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• The skeptics will require you to prove yourself. Possibly over and over. You will have to work hard for respect and trust them. There is a difference between the Auditory Learner asking a question and the skeptic. The Auditory Learner generally believes in your ability and will believe your answer. The skeptic will have doubt in regards to your abilities and will likely double check your information after practice. An empowering atmosphere is a start with the skeptic, but you haven’t sold them yet. Do not bullshit them. They see it coming. If you don’t know the answer to a question, admit it and let them know you will find out the answer. Being a skeptic doesn’t necessarily mean they have a bad attitude either, they just play their cards close to their chest. This relationship may take some time, so be patient, persistent, and approachable. • You may be coaching a team, but every individual needs some personal attention and feedback. I often find that those who are the most quiet in the league get the least attention. I try to remind myself on a regular basis that everyone needs some one-on-one time with a trainer to talk about issues or challenges that are specific to them. Selective learning can be applied to this point as well – adults will tune out what they don’t think applies to them. If a skater isn’t very selfaware, one-on-one time is a great opportunity to hone in on some skills they may not know they need to work on. • Be aware of your non-verbal communication. Again, many adults have become savvy at reading people. Sometimes your facial expression, posture, stance, gestures, or lack of eye contact can be powerful communicators. Make a point to make eye contact because adults are more likely to listen. Having great posture, smiling, and making eye contact also helps with being an engaging and approachable coach. I am confident I have lost the Kinesthetic Learners. I am also sure that their non-verbal communication would be a rolling of the eyes, so I will sum this up by saying that if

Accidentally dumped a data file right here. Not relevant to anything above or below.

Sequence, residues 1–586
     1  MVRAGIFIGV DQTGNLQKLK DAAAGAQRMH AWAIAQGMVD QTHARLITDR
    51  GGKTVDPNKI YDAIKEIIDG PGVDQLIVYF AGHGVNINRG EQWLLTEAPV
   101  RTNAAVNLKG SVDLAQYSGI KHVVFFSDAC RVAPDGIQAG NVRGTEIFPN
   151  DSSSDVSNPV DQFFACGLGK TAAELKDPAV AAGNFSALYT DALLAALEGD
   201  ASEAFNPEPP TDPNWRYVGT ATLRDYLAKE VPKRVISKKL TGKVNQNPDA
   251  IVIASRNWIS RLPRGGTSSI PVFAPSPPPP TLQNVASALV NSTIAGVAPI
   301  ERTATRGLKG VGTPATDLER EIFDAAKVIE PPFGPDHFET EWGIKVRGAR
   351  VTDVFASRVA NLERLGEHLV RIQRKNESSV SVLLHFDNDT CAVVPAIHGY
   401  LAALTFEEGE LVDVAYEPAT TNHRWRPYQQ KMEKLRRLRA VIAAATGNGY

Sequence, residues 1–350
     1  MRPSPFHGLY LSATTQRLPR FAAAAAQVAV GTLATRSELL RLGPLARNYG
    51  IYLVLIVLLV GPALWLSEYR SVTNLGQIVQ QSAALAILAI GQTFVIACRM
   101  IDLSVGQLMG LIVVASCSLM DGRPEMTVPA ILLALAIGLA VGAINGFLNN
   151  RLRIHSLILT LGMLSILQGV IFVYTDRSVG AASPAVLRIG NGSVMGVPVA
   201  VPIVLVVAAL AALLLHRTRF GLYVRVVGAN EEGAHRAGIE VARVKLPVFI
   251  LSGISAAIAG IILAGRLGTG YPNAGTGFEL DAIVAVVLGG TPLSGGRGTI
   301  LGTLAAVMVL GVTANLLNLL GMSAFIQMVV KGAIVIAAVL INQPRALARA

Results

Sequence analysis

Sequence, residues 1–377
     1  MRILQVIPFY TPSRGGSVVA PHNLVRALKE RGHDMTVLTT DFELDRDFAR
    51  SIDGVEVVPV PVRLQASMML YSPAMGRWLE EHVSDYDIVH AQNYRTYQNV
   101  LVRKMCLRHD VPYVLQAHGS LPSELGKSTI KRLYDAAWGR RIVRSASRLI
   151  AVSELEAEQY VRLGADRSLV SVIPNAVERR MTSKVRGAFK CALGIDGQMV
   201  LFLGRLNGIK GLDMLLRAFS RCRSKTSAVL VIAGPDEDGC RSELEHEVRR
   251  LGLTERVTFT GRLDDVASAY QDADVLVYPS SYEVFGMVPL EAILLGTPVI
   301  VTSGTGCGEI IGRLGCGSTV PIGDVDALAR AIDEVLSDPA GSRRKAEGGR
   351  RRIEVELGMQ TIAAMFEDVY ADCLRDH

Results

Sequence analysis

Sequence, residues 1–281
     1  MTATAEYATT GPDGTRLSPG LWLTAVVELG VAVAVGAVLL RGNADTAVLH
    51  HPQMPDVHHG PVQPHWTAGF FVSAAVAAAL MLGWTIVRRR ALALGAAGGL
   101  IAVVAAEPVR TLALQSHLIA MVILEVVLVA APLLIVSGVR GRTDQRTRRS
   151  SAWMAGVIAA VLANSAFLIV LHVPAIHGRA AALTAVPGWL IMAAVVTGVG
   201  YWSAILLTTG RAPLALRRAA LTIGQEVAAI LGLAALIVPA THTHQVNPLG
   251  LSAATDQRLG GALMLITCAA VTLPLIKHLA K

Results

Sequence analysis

Bob “pixel8” Krzaczek, Roc City Roller Derby